Crawford River Regional Park
Address: Princess Hwy, Hotspur, Victoria 3303
Freecall: 131 963
Crawford River Regional Park offers fine views of riverside and valley vegetation. Enjoy a pleasant bushwalk, try your luck fishing for Redfin and Rainbow Trout, camp at Hiscocks Crossing or picnic along the Boulevard.
Things to see and do
- Pleasure driving along 'The Boulevard', which follows the northern bank of the river, through forests of Brown Stringybark, Manna Gum and lush tree-fern lined gullies, is a beautiful way to discover the Park.
- Camping at Hiscocks Crossing and picnicking along 'The Boulevard' is popular
- Fishing is challenging, with species such as Redfin and Rainbow Trout to be caught. Freshwater crayfish are also found in the river
- Bushwalking through the Park is relaxing and enjoyable. There are numerous bird species to view and vegetation types to discover. A return 2.5 km nature trail from the Hiscocks Crossing camping area takes you along the river's edge through lush vegetation and then higher up into wet and dry sclerophyll forests
- Nature study in the variety of habitats makes the area valuable for students and photography enthusiasts alike. A quiet observer can discover a range of animals and botanists can enjoy the floristic diversity of the region.
Before you go
Conditions can change in parks for many reasons. For the latest information on changes to local conditions, please visit the relevant park page on the Parks Victoria website.
Be bushfire ready in the great outdoors. Refer to the Bushfire Safety section on the Parks Victoria website for tips on how to stay safe.
Content: Parks Victoria
Crawford River Regional Park is situated in the Crawford River valley near Hotspur, about 45 minutes north of Portland. Follow the signs just past Hotspur heading for Casterton and near Greenwald on the Princes Highway.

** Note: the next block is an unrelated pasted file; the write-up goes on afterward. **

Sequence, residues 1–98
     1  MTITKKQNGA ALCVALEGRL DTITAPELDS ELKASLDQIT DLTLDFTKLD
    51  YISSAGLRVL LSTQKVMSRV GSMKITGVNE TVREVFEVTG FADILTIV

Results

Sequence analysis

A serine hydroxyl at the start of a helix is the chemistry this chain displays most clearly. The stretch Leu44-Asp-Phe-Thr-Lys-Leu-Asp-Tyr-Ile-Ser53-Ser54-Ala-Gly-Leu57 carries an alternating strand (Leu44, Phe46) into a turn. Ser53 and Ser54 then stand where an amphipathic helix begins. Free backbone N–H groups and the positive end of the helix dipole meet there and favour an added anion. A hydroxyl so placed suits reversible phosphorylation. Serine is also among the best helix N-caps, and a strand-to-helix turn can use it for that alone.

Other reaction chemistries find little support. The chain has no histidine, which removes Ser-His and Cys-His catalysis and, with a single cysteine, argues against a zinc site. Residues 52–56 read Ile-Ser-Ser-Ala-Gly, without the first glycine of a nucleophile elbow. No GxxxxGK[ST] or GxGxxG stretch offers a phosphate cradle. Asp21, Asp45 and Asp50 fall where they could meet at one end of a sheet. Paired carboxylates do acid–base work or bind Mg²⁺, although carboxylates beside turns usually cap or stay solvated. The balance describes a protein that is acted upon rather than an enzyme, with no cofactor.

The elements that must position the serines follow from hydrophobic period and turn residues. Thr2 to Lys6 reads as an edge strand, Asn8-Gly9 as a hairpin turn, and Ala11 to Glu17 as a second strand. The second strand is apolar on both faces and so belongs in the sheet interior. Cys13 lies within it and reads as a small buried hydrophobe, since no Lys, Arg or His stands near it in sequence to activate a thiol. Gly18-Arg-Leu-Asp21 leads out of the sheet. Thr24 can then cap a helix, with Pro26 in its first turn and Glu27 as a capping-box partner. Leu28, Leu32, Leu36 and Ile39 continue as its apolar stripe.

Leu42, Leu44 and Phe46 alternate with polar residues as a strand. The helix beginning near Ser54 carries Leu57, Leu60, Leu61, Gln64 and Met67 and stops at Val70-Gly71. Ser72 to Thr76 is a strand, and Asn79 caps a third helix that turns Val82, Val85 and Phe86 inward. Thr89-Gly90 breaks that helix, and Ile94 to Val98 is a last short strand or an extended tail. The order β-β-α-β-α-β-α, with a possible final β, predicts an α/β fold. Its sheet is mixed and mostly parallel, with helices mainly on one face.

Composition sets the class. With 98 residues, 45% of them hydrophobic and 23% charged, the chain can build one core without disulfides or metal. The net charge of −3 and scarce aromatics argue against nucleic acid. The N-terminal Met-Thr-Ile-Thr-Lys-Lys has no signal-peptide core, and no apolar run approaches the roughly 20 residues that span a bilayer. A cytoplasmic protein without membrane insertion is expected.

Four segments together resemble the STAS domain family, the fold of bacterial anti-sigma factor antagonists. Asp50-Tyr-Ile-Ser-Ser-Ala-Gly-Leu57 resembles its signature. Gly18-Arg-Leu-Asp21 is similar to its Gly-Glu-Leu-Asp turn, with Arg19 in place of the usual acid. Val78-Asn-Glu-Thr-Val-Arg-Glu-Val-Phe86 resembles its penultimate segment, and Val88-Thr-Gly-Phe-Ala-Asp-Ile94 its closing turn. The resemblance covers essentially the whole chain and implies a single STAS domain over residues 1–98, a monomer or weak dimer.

Additional business information
Crawford River Regional Park is on the boundary between areas occupied by two Aboriginal tribes- the Bunganditj and Gunditmara. The river was probably important to these tribes as a source of food and water. By 1877 the entire Aboriginal population of the Western District was reduced to 170 people as a result of European settlement and introduced diseases such as small-pox. The area now occupied by the Park was claimed as a pastoral run during the 1840's and sheep grazing was the predominant use until the gold rush era of the 1850's. Squatters diversified into meat production and cleared and cropped for wheat to feed the growing population. Drought, fire and poor farming techniques led to the abandonment of many blocks during the 1880's and 1890's with some blocks reverting to Crown Land. The forests in the Park have hardly been used for timber production because of the availability of better quality timber nearby that is easier to access than the steep slopes of Crawford River. The first Forest Act was given assent to in 1907 and a section of the Park was dedicated as Reserved Forest in the same year. The majority of the Park was recommended for dedication as Reserved Forest in 1925 but was not gazetted until 1955. Small additions were later made, the last being in 1966. Recreation has been the major use of the Park in recent times.
Activities and attractions